The Unpopular Profession

First page of “The Unpopular Professions”

This paper discusses a genre of essay writing that advises students not to pursue a career in academia and that has recently enjoyed increased popularity. Focusing on one such “Thesis Hatement,” it argues that these texts are marked by inner contradictions and that these contradictions are indicative of the cultural work they do. Emphatically rejecting academia, these texts typically fail to convince their audience and, in a curious split between denotation and pragmatics, open up a position from which to embrace a graduate career. After briefly delineating the genre and discussing its politics, I trace this textual dynamic in two places: in thesis hatements’ use of a limited set of metaphors, and in the contradictions of their pragmatic effect. As a deeply conflicted and contradictory genre, thesis hatements speak strongly of the conflicted and contradictory role and of the precarious un/popularity of academia in contemporary US culture.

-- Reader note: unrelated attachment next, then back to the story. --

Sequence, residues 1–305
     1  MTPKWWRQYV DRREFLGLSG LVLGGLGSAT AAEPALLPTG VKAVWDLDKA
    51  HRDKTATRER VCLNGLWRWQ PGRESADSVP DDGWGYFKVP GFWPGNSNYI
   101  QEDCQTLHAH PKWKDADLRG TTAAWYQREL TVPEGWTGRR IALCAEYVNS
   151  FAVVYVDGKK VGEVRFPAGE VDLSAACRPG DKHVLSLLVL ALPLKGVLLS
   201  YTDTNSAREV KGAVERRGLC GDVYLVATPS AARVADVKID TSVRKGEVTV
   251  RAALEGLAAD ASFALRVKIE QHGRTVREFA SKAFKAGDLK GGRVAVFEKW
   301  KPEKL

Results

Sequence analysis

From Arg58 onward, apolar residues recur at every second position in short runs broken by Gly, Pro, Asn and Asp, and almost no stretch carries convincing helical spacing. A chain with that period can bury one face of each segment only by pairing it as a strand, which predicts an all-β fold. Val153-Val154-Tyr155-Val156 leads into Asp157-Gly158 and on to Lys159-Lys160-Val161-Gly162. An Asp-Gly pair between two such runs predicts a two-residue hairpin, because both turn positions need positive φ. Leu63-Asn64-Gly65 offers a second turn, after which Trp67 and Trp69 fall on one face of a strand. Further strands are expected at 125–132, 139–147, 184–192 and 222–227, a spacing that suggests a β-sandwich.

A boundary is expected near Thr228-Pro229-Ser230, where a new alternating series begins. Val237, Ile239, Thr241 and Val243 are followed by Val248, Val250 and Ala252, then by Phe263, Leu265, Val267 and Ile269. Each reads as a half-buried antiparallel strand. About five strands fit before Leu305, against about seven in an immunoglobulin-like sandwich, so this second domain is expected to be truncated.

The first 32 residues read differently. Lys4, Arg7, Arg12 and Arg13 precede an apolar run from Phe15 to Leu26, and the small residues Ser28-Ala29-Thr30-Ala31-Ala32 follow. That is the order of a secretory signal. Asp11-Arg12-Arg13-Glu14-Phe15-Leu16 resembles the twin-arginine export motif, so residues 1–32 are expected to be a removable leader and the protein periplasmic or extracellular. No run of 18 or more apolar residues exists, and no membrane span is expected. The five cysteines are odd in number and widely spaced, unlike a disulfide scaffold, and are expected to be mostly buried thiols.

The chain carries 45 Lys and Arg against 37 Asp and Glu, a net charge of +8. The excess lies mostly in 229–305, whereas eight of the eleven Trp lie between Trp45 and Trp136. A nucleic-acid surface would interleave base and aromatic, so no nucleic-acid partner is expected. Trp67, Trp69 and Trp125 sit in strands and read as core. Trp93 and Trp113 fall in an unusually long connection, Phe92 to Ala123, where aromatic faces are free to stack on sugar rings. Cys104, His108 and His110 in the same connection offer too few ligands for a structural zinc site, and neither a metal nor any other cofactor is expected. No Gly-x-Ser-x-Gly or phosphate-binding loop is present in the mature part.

Herrmann, Sebastian M. “The Unpopular Profession? Graduate Studies in the Humanities and the Genre of the ‘Thesis Hatement.’” Unpopular Culture. Eds. Martin Lüthe and Sascha Pöhlmann. Amsterdam: Amsterdam UP, 2016. 313-36. Print.